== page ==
Council: Respect diversity, let businesses determine their hours

Council: Respect diversity, let businesses determine their hours
Mentri Besar Datuk Ahmad Razif Abd Rahman

PETALING JAYA - MCA has opposed the Terengganu government's directive that shopping complexes in the state halt their business operations for two hours on Friday, saying the state should respect the diversity of faith and not implement a directive that ignores the feelings of the non-Muslim community.

"Operators and staff of shopping malls are adherents to their own religious beliefs and have to tend to their customers' needs.

"As these are commercial entities, the operators should retain the freedom to determine the lunch hours," the council said.

Starting Jan 1, shopping malls in Terengganu will close for two hours from 12.30pm on Friday to encourage youths to congregate at mosques for prayers instead of loitering at malls.

In Kuala Terengganu, closing shopping malls in the state during Friday prayers will affect others who wish to shop during that period, according to several leaders here.

Terengganu MCA chief Datuk Toh Chin Yaw said although it was noble of the state government to encourage Muslim youths to attend Friday prayers, this would inconvenience non-Muslim shoppers.

"It is good that the government is concerned about social and religious problems affecting youths and we understand this.

"However, closing malls will affect businesses operated by non-Muslims. Those who wish to go shopping during those hours will be affected.

"We are hoping that the state government will rethink the move.

"MCA has received a lot of feedback from the public and we are compiling them for the state government," said Toh, who added that he would meet Mentri Besar Datuk Ahmad Razif Abd Rahman to discuss the issue.

During the state assembly sitting on Tuesday, Ahmad Razif said the government would order shopping malls in the state to shut for two hours (12.30pm-2.30pm) on Fridays from January to encourage Muslim youths to go to the mosque and "not loiter about".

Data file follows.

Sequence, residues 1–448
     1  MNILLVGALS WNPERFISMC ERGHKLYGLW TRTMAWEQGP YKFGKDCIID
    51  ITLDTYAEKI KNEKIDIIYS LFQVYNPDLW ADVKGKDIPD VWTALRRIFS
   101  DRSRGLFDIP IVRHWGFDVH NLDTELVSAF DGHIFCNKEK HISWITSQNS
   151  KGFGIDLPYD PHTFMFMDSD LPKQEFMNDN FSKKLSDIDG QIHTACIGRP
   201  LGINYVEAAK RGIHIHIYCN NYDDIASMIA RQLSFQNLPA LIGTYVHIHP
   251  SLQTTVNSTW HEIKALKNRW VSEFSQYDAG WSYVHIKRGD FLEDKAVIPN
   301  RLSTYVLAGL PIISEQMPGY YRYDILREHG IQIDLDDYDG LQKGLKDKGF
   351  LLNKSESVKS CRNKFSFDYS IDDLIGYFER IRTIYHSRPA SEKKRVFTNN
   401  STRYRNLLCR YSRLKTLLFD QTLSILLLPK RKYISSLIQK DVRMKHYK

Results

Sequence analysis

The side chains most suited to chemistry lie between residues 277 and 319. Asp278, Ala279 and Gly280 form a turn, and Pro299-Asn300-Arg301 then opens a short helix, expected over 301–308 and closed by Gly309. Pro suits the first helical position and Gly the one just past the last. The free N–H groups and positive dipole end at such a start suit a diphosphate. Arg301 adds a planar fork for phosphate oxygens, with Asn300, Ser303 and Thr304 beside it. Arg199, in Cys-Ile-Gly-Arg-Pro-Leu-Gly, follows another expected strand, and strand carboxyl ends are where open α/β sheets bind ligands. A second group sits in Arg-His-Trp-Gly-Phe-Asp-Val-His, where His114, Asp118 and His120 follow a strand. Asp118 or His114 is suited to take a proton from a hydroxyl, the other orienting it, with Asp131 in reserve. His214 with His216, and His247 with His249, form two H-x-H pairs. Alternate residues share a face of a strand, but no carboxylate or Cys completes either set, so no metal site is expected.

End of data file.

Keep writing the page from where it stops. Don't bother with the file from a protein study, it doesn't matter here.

Toh said a better approach would be to educate youths and instil good values in them.

"Perhaps, there could be announcements at malls to inform shoppers that it is prayer time and encourage Muslim youths to go to the mosque.

"Shutting down the malls will probably not solve the problem," said Toh.

Terengganu Chinese Chamber of Commerce and Industry (TCCCI) vice-president Alex Lee said tourists would also find it inconvenient if malls were closed on Friday afternoons.

"Tourists come to do souvenir shopping during those hours. As most shops are already closed all day on Fridays, there will not be much to do then," said Lee.

Federation of Chinese Associations Malaysia (Hua Zong) president Tan Sri Pheng Yin Huah, in concurring, urged the state government to reconsider the decision saying it was "unfair" to non-Muslim operators in the malls.

"We do not oppose the decision to shut malls operated by Muslims as they have the right to decide on these matters.

"However, it is unfair to force non-Muslim operators to abide by this ruling," he said.

More about

Islam
Purchase this article for republication.

BRANDINSIDER

SPONSORED

Most Read

Your daily good stuff - AsiaOne stories delivered straight to your inbox
By signing up, you agree to our Privacy policy and Terms and Conditions.